I'm an editor and writer in New York with tons of experience working in print, on the web, and some places in between. As an editor at Bloomberg Digital I launched Bloomberg's first web-native content. In my life as a writer I've covered the full gamut of stories in business and culture, and written about people ranging from George Soros to the malpractice lawyers who advertise on the New York subways. I hold a much under-used degree in philosophy.
For three years I was companies and markets editor at Bloomberg.com (now Bloomberg Digital). When I started, Bloomberg.com's content was drawn almost entirely from stories that had already appeared on Bloomberg's subscription terminals. I was responsible for developing Bloomberg.com's first consumer focused online content, creating a new blog platform and an editorial vision for online coverage of technology, finance, and economics.
As an editor I worked to make Bloomberg's reporting accessible to a broad audience while staying true to Bloomberg's heritage in finance. I edited digital stories on subjects from the tech industry to the art market to the bike market and planned daily news coverage to entice new readers. Our online team doubled the share of traffic that came from social referrals, massively increased video views, and built the audience for Bloomberg's investigative stories.
At Bloomberg, my own writing appeared regularly on my blog, The Market Now. TMN was about all the forces that drove markets and the economy, and covered subjects from the most local (New York real estate) to the most global (the European debt crisis, the worldwide debate about inequality). Some posts, courtesy of the Wayback Machine--a Bloomberg update took down the original archives: 4 BRs, $29,750 a Month | No Warsaw Pact? No Problem! | What Happened to the Great Wealth Debate? | It's Hang-the-Pig Time in U.S. Court.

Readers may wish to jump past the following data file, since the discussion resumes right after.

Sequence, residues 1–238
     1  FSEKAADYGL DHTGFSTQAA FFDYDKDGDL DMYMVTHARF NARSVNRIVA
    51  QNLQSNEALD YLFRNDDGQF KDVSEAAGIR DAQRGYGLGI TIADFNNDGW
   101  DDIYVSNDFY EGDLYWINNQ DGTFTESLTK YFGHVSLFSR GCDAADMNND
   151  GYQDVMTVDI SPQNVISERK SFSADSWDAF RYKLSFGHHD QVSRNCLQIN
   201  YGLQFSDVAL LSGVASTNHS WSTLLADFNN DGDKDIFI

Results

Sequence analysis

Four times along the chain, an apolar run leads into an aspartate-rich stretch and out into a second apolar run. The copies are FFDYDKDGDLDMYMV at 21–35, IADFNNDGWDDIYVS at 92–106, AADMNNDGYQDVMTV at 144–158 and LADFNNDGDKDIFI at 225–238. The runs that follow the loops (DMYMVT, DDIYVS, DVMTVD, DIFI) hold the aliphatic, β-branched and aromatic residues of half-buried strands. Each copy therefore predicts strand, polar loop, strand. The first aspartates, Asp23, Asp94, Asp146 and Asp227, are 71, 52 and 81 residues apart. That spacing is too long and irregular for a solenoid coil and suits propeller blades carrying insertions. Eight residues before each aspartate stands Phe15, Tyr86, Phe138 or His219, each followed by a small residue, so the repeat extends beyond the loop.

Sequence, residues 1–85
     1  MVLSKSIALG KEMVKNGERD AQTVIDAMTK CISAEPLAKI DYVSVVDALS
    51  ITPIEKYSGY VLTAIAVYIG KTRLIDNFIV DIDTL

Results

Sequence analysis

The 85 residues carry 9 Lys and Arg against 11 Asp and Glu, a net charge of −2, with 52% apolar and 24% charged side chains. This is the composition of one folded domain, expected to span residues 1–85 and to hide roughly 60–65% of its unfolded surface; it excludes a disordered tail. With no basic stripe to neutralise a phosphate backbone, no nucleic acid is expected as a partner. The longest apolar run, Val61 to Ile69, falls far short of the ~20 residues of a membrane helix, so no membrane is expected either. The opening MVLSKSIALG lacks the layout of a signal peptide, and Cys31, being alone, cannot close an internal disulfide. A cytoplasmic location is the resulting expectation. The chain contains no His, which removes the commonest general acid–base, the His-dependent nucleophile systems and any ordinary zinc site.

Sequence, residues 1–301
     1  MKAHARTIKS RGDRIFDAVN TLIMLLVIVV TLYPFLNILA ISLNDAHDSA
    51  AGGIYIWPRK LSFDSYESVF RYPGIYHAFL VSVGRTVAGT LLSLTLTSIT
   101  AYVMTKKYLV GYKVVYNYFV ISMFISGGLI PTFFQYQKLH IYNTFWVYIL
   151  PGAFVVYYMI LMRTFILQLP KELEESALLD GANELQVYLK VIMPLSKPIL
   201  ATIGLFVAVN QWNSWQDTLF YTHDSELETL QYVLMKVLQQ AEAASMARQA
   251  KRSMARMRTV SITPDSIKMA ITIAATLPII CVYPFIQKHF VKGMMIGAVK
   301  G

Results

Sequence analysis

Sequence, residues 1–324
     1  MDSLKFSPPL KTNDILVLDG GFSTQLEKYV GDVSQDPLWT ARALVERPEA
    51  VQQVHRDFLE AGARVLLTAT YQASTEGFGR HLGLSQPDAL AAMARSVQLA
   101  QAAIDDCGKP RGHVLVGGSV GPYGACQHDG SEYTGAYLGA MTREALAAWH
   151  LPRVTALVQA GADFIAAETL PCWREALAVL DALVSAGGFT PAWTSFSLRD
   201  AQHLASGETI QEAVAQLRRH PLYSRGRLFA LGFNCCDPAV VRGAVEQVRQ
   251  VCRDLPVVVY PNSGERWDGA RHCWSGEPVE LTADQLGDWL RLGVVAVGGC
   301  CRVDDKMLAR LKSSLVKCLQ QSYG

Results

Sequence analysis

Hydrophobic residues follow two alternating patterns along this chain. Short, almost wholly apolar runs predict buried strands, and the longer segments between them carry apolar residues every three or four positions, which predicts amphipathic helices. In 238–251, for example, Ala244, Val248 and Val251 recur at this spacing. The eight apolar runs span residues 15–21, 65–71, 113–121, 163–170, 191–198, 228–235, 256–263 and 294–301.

Prior to that I wrote for New York Magazine, Slate.com, Businessweek and other outlets. "The Equation" [website] [PDF], my favorite story of those I wrote for New York, followed the three way tug of war between a hospital, a malpractice lawyer, and the mother of a child born with brain damage. In a different vein, "Little Better Yellow Different" [website] [PDF] is a skeptical take on the ad business.
As a columnist for Slate's financial news site The Big Money, I published more than a hundred stories. Among them, investigations of the the for-profit college racket in "Sue This School," and the much hyped "person to person" loan business [PDF]. Many of my columns -- like "Leave Steve Alone" [PDF], about Steve Jobs's cancer, or "Don't Bet on Meg" [PDF] -- covered the places where money and culture met in interesting ways.
Earlier in my career I was a senior writer at Fortune. Some stories that hold up now: Three months of reporting led to "Sam Walton Made Us a Promise" [PDF], a nuanced look at Wal-Mart's workforce. | "You Bought, They Sold" [PDF] was a Fortune cover project I conceived to illustrate the amazing peaks of executive greed. | "George Soros is Mad As Hell" [PDF] profiled the internationalist billionaire. | "Now That We Live In A Tom Peters World, Has Tom Peters Gone Crazy?" [PDF] was an early feature that's still worth reading.